Barbra Streisand The Guilt Trip Disappoints at North American box office
Barbra Streisand in The Guilt Trip should have been a shoo-in for the Golden Globes in the Best Actress in a Comedy or Musical category. When Streisand failed to get nominated, it seemed clear that something was dead wrong with the Anne Fletcher-directed comedy co-starring Seth Rogen. (Photo: Barbra Streisand The Guilt Trip.)
Perhaps it’s a mere coincidence — totally unrelated to the Golden Globes, that is — but The Guilt Trip reviews have been generally pretty mediocre. Despite the presence of one of cinema’s (and pop culture’s) iconic figures of the late 20th century, the $40m-budgeted mother-son comedy has a 48% approval rating and 5.9/10 average among Rotten Tomatoes‘ top critics, and grossed a measly $1.02 million at 2,431 North American locations on its Wednesday, Dec. 19, debut according to figures found at Box Office Mojo. The Guilt Trip‘s per-theater average was a paltry $424; in fact, the latest Barbra Streisand star vehicle will be lucky if it cracks the $10m mark by Sunday evening.
Barbra Streisand box-office magnet
Barbra Streisand used to be a box-office magnet in her heyday in the ’70s. Whether watchable (The Way We Were, For Pete’s Sake) or bad (Funny Lady) or worse (A Star Is Born, The Main Event), her movies were nearly all — apart from the costly On a Clear Day You Can See Forever and the obscure Up the Sandbox — box-office hits. Remember: A Star Is Born‘s $80m domestic gross in 1976 represents approximately $300m today, while The Main Event‘s $42.8 million would translate into about $135 million 2012 dollars.
Apart from one major box-office misfire in the last three decades — All Night Long (which actually stars Gene Hackman) in 1981 — even after Barbra Streisand semi-retired from films in the early ’80s, her sporadic appearances have all been remarkably successful. Those have ranged from showy leads (Yentl, Nuts, The Mirror Has Two Faces, and to a lesser extent The Prince of Tides) to unworthy supporting roles (Meet the Fockers, Little Fockers).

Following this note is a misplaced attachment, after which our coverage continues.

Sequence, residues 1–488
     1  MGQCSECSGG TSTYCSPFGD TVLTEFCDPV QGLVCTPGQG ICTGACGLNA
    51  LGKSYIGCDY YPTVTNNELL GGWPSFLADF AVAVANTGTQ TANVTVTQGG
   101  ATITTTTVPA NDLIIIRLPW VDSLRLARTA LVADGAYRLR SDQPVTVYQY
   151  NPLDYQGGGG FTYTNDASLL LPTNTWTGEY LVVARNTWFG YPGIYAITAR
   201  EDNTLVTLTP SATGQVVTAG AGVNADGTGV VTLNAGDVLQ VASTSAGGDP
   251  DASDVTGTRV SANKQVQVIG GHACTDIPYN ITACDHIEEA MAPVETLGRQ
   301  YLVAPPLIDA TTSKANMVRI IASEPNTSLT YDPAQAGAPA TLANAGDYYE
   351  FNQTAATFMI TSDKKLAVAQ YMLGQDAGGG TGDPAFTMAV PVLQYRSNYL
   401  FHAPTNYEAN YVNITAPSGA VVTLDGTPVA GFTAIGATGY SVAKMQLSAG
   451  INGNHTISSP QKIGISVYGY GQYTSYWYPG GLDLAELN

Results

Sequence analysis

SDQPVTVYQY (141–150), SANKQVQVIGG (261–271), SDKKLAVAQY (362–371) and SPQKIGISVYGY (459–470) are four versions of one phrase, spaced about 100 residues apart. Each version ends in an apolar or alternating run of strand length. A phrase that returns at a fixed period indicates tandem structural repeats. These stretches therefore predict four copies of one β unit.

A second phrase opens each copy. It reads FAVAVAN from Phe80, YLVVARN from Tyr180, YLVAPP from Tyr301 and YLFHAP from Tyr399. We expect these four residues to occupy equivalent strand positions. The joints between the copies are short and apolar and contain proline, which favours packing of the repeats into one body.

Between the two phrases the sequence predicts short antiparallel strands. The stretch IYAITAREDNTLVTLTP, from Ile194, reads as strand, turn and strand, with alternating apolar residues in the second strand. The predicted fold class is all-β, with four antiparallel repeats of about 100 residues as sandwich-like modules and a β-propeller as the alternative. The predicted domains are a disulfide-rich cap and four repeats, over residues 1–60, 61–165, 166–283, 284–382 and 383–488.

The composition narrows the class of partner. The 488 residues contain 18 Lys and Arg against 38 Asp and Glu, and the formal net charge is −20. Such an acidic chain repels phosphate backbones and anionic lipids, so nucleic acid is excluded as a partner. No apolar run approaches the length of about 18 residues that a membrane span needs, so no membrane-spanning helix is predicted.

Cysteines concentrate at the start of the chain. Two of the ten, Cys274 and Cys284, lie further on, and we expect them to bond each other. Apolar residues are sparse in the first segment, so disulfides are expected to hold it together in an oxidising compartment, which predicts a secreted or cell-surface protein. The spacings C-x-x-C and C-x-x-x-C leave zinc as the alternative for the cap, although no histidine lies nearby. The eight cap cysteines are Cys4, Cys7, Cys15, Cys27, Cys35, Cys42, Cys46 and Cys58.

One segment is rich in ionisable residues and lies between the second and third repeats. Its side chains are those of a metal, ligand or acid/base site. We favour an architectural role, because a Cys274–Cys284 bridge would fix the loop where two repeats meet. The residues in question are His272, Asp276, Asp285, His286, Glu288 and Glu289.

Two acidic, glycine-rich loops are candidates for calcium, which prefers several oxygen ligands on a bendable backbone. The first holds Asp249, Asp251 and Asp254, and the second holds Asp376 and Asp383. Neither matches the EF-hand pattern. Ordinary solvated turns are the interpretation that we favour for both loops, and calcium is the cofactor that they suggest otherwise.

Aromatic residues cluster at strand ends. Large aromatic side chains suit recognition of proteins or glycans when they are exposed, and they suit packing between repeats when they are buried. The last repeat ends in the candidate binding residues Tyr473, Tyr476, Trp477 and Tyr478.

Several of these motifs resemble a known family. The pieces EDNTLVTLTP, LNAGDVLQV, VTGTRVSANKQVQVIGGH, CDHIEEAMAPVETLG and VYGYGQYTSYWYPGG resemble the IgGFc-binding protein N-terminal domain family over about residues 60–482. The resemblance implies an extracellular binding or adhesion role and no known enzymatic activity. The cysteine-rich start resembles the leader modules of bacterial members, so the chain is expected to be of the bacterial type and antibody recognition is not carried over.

So, it’s a little shocking that The Guilt Trip, Streisand’s first movie lead since The Mirror Has Two Faces back in 1996, has been received so unenthusiastically by audiences. Perhaps they’ve been unaware the film exists, as the buzz surrounding Barbra Streisand’s latest has been surprisingly muted. Or perhaps Paramount hasn’t forgiven or forgotten On a Clear Day You Can See Forever, and has decided it should spend its marketing moolah on Tom Cruise’s Jack Reacher instead.
Barbra Streisand, Seth Rogen topline The Guilt Trip cast
Besides Barbra Streisand and Seth Rogen as mother and son on a fateful road trip, The Guilt Trip features Adam Scott, Colin Hanks, Kathy Najimy, Dale Dickey, Miriam Margolyes, Brandon Keener, Brett Cullen, and Ari Graynor. Dan Fogelman (Cars, Cars 2, Tangled, Bolt and the live-action Crazy, Stupid, Love) wrote the screenplay.
Tom Cruise too short to play Jack Reacher?
Wrapping this up, let me add that complaints about Tom Cruise (5’7") being too short to play the 6’5" Jack Reacher — and remarks that Cruise’s height will somehow affect Jack Reacher‘s box-office prospects — are silly at best. So, Tom Cruise would be an inappropriate Jack Reacher because of his height? Hey, how about Peter O’Toole (6’3") playing T.E. Lawrence (5’5") in that old (multiple-Oscar-winning) movie Lawrence of Arabia, one of the greatest blockbusters ever? Any problems? Not to mention that Taylor Lautner (supposedly 5’10") acquitted himself quite well playing the 6’7" Jacob Black in the various Twilight movies. Would New Moon or Eclipse have earned an extra $100m had Lautner been a few inches taller? And let’s not forget that the next T.E. Lawrence will reportedly be played by Robert Pattinson (6’1"). Or that movie magic can make smaller performers look quite prepossessing on the big screen.
Directed by The Usual Suspects‘ screenwriter Christopher McQuarrie, Jack Reacher opens on Friday, Dec. 21. Paramount is expecting a relatively modest $12-$15 million over this relatively low-key weekend.
Barbra Streisand The Guilt Trip photo: Paramount Pictures.